I got ice cream with some friends on Tuesday night.
Birthday cake ice cream.
With a waffle cone.
And I ate all of it.
The amount of shame I feel by typing those words is…well, it’s disordered.
I should feel proud. Ice cream is one of my biggest fear foods. Before treatment, I can’t remember a time that I ate ice cream and didn’t use behaviors. I hadn’t eaten ice cream behavior free in probably around 10 years.
But yesterday I did. For the first time in god knows how long, I ate ice cream without using behaviors. Actually, let me rephrase that: for the first time I willingly ate ice cream without using behaviors even though I had many opportunities to.
And that’s it. None of my friends judged me for eating it. None of them gasped at how much I got or that I got a waffle cone or that I was way too fat to be eating it. We just ate it and we laughed and had a good time and I got a glimmer of what it’s like to be a “normal” eater.
I remember when we got ice cream as a challenge snack in treatment. It was the first time I had eaten ice cream in a long time and I knew that I wouldn’t be able to use behaviors afterwards so I was freaking out. I remember sitting on a bench with some friends, fighting with everything I had to keep raising the spoon to my mouth and taking bites. I was super detached from everything and wasn’t paying attention to anyone around me except for a girl sitting at a table across from me.
She was around my age, probably a few years younger, still in high school and sitting with a guy just eating her ice cream. I assumed that the guy was her boyfriend and was a) amazed that she was able to eat ice cream with him at all. I remember not being comfortable eating anything but salads or safe foods with my boyfriend. I could never have imagined letting him see me eat ice cream and b) that she was enjoying herself. It was one of the first warm days in Denver that spring, so we were all sitting outside and they were sitting there laughing and joking around and just having fun in the present moment with each other. The ice cream was an after-thought. It wasn’t their main focus. As she sat there, mindlessly eating, I was amazed. It was one of my first realizations of what eating without ED must be like. They probably decided that since it was such a nice day they would get some ice cream, and so they did.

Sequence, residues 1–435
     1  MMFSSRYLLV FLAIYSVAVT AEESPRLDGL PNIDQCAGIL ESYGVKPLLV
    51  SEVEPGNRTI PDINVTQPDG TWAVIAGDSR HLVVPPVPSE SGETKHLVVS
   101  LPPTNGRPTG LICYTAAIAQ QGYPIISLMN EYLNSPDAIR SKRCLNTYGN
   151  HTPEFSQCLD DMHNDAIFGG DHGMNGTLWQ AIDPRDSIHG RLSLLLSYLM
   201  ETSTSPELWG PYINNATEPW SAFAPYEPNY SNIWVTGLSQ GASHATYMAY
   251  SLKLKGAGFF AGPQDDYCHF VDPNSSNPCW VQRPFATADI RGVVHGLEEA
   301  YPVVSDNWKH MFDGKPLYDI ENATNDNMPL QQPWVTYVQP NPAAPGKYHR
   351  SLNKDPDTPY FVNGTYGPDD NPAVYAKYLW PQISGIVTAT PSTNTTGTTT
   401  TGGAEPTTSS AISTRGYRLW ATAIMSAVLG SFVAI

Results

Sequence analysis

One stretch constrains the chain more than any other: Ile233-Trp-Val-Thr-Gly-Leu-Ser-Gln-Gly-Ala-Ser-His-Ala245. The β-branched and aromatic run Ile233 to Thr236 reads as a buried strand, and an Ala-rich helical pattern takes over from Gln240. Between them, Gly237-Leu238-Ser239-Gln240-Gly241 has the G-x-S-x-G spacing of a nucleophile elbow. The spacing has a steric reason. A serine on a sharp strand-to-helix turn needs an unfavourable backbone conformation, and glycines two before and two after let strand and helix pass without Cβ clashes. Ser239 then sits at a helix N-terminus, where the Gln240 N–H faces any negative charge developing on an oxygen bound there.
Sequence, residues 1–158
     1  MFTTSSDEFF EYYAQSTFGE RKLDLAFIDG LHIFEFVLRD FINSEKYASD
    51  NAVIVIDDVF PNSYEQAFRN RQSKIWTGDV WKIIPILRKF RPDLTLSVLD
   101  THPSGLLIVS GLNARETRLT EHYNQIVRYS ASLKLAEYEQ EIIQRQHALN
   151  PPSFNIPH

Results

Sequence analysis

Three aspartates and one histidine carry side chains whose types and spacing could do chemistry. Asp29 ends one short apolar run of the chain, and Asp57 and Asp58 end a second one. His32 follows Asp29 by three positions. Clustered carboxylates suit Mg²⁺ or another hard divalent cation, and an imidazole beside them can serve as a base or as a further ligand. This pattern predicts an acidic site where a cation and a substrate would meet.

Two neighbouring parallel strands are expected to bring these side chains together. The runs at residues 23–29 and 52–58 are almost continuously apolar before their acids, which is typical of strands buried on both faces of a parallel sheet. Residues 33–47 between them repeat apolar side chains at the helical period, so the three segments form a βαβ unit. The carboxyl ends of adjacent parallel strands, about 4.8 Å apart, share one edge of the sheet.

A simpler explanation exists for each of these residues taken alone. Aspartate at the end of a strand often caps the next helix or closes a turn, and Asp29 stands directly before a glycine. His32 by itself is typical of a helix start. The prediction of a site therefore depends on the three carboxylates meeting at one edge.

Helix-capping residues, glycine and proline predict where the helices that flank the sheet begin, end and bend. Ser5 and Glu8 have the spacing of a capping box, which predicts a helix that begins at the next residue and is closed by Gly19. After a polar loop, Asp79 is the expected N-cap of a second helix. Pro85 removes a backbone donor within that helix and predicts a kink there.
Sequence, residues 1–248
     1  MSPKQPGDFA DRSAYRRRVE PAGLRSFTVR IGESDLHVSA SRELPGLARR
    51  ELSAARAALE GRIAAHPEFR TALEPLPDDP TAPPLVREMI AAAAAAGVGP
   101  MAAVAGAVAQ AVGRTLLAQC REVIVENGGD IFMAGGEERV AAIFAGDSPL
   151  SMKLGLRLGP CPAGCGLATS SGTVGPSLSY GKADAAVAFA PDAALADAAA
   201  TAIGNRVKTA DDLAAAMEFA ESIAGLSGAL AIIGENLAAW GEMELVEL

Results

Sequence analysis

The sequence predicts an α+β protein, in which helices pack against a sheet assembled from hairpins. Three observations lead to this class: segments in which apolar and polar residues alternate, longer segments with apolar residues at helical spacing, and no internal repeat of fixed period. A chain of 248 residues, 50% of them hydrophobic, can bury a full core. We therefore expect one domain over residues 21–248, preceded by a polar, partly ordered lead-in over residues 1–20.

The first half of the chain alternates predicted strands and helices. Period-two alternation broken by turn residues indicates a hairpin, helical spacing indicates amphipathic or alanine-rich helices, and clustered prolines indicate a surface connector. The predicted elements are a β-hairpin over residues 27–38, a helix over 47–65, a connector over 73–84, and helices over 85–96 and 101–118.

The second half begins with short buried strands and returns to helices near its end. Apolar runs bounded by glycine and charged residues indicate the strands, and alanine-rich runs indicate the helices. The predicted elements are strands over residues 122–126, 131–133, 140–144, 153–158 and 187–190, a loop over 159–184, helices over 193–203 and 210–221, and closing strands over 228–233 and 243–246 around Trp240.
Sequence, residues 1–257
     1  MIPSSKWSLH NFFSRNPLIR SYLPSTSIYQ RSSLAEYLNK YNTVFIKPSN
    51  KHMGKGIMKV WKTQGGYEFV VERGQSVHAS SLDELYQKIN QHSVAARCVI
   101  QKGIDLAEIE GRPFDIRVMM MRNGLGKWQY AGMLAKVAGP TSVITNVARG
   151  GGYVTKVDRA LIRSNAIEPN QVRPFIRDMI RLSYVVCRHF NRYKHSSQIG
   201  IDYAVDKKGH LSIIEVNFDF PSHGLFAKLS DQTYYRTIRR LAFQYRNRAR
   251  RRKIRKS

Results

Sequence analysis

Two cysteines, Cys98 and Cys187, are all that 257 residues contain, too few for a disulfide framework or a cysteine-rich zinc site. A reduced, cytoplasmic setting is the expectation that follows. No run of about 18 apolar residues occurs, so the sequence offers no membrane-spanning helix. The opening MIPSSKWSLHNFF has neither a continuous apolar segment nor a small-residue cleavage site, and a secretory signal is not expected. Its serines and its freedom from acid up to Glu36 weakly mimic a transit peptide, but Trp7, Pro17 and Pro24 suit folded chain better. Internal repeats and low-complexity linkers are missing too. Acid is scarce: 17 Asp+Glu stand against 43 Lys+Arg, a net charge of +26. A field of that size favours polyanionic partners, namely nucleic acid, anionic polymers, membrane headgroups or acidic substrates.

They didn’t plan in advance or have to convince themselves that it fit into their food plan for the day, or figure out compensations. They just went to Bonnie Brae, got some ice cream and ate it and then left and went on with their day. They can probably look back and smile at that memory. Just enjoying each other’s presence on a beautiful day, whereas I knew if I was her I would look back and see the ice cream. That’s it. I would remember what flavor it was and how much I got and how many calories were in it and everything else that followed would be about the ice cream. Sure, I would remember laughing and pretending to have a good time but all of that would be an afterthought, but here was this girl, eating ice cream and living her life. Obviously, I don’t know her but in that moment, she inspired me. She made me realize that people my age did that sort of thing. It can be a mundane, but enjoyable, part of life.
I haven’t forgotten that girl, which makes me feel like a creep, honestly. But once I was finished on Tuesday, I was super uncomfortable but I realized that I had done it. I had let the ice cream be an afterthought. Yeah, I still focused on it more than I wanted to but once I was done, I tried really hard to focus on being in the present moment and then the next morning I remembered that girl and I was able to smile a little. I was able to see pieces of her in myself the night before. I laughed and had fun and ate some (really good) ice cream with my friends like a college student should.
For the first time, I can look back at me eating ice cream and remember the other stuff too. I can look back and remember how good it was instead of figuring out the calories. I can remember the jokes and the stories shared instead of trying to figure out what I thought everyone else was thinking about me.
So yeah, I ate ice cream the other day, and it was pretty damn good.
Here’s to more tiny triumphs and more nights like that.